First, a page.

- The Washington Times - Thursday, August 3, 2017

Maine will become the fourth state in the country to ban tobacco sales to individuals under 21 after state lawmakers voted Wednesday to override the Republican governor’s veto of a bill meant to curb smoking-related deaths.

The law will take effect next July following Wednesday’s votes in the state House and Senate, at which point Maine will join California, Hawaii and New Jersey as the only states to have raised the legal smoking age from 18 to 21.

The bill was enacted by the state legislature last month but was vetoed by Gov. Paul LePage a week later, who decried the proposal then as an attempt at “social engineering.”

“I am not going to strap a gun to their shoulder [to] go fight a war if they can’t go buy cigarettes. This is just absolutely sinful!” Mr. LePage said during an interview on WVOM last month. “I believe at 18, they are mature enough to make the decision.”

The state Senate voted 29-5 and the state House voted 90-44 Wednesday to override the governor’s veto.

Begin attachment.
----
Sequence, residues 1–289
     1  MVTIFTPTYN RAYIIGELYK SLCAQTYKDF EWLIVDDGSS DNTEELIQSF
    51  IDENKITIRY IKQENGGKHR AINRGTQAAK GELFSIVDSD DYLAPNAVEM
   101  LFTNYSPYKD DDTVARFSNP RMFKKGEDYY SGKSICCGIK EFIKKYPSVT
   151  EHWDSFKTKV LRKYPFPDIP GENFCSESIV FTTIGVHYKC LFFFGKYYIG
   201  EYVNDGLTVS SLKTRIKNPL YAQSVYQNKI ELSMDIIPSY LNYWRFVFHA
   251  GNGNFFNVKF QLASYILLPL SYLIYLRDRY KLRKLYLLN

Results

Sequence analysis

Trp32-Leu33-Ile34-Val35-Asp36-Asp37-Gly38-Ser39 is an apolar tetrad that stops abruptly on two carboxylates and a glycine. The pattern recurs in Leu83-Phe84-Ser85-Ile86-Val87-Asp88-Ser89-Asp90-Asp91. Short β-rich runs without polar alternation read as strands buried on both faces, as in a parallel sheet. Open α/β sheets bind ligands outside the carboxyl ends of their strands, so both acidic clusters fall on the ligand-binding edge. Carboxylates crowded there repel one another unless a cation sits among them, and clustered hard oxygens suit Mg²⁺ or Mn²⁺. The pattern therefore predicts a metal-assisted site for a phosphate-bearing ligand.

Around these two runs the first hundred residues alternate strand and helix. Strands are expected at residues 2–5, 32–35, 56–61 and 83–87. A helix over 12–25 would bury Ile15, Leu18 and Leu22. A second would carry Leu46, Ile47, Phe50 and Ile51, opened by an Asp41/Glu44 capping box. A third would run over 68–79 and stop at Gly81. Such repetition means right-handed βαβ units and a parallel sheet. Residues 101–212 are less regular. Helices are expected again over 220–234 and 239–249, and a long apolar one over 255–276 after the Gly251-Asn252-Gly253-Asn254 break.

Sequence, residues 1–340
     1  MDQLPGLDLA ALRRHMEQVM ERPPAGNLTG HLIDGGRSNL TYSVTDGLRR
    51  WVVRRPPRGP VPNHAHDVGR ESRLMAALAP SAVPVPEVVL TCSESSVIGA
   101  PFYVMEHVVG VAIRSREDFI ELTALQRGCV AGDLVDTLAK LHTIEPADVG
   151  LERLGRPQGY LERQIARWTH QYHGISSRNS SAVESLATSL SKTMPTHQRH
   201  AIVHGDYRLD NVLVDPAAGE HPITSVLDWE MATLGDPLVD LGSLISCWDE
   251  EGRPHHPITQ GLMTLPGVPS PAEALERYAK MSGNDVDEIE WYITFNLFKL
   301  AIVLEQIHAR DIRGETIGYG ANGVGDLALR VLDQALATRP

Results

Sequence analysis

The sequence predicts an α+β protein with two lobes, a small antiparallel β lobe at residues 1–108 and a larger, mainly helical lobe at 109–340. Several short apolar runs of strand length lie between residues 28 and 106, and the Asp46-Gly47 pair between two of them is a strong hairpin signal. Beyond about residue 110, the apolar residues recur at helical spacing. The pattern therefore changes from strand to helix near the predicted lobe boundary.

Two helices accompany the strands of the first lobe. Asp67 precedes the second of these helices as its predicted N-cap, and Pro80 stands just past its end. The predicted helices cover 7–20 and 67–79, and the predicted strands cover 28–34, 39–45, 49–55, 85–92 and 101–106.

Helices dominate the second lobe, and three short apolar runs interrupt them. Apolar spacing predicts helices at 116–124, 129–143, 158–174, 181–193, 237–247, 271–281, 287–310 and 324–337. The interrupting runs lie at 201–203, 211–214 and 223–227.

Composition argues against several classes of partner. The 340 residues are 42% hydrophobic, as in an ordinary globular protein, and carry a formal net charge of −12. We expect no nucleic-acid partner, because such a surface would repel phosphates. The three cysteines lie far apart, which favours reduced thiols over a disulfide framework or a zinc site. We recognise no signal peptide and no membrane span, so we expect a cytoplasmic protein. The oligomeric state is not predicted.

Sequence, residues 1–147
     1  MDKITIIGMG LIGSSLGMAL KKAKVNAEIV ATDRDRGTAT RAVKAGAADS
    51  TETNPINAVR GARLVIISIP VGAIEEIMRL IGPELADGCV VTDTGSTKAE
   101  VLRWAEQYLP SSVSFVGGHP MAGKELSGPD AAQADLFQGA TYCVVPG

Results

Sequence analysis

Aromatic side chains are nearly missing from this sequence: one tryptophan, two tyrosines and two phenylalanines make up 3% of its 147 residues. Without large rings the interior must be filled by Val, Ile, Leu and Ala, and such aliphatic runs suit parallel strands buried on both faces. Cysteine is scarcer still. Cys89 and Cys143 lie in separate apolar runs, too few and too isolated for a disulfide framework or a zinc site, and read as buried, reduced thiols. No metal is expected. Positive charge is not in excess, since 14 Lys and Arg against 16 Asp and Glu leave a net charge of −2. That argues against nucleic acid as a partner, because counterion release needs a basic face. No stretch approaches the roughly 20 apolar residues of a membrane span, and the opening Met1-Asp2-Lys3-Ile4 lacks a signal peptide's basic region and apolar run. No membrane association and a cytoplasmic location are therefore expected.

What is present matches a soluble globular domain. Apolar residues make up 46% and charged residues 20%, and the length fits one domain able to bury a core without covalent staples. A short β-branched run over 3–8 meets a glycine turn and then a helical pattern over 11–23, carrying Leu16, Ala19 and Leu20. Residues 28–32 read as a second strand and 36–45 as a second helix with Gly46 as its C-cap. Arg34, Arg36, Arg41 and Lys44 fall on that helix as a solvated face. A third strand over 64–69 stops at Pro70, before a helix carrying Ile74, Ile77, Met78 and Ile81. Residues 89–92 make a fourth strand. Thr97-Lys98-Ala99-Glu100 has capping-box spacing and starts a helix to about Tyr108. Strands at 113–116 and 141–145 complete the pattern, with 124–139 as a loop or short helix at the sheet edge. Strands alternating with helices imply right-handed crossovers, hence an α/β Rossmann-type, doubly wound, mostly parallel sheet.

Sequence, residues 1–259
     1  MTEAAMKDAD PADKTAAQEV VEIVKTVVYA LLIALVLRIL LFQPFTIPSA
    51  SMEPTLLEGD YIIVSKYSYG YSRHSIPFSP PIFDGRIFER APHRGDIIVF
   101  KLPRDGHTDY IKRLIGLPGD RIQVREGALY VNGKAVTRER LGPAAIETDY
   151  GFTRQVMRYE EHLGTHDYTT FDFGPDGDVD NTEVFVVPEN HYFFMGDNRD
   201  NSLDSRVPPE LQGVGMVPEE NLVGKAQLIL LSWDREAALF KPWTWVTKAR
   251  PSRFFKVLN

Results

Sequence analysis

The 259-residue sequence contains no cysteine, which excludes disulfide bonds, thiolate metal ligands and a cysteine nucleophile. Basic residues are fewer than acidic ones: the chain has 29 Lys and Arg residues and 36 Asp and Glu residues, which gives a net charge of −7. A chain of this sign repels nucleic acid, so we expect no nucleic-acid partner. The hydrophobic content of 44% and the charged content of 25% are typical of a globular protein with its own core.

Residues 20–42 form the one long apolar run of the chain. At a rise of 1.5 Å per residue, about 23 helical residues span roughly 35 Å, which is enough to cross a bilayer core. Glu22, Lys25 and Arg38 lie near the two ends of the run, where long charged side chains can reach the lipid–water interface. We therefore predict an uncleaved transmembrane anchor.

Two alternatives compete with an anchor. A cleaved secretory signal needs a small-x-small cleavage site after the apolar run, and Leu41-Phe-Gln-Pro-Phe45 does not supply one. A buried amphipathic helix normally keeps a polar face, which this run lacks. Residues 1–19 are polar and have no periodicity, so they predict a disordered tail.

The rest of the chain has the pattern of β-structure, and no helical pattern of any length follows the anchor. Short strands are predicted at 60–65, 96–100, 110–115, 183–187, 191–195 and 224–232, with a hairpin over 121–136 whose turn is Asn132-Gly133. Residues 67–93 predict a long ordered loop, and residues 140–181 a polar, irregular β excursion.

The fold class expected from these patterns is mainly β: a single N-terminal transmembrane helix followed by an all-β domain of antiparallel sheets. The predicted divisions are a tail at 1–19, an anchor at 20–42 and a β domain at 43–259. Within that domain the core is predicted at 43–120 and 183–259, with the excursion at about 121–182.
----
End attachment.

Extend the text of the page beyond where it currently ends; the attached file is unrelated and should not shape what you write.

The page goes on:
Specifically the bill prohibits individuals under 21 from purchasing tobacco products including cigarettes, electronic cigarettes, vaporizers, hookah pipes and other smoking accessories from Maine retailers. An amended version passed by the legislature includes exceptions for individuals currently between the ages of 18 and 20.

Proponents of the legislation insist raising the age for tobacco sales will keep Mainers from taking up smoking at an age when it’s more prone to be habit-forming, in turn reducing associated health risks including smoking-related death.

Hiking the legal smoking age from 18 to 21 could prevent over 223,000 premature deaths of people born between 2000 and 2019, according to the American Lung Association.

New Jersey Gov. Chris Christie signed a bill last month similarly banning the sale of tobacco products to anyone younger than 21. California and Hawaii enacted comparable measures in 2016, and over 250 cities and municipalities including Chicago and and Boston have passed age restrictions of their own.


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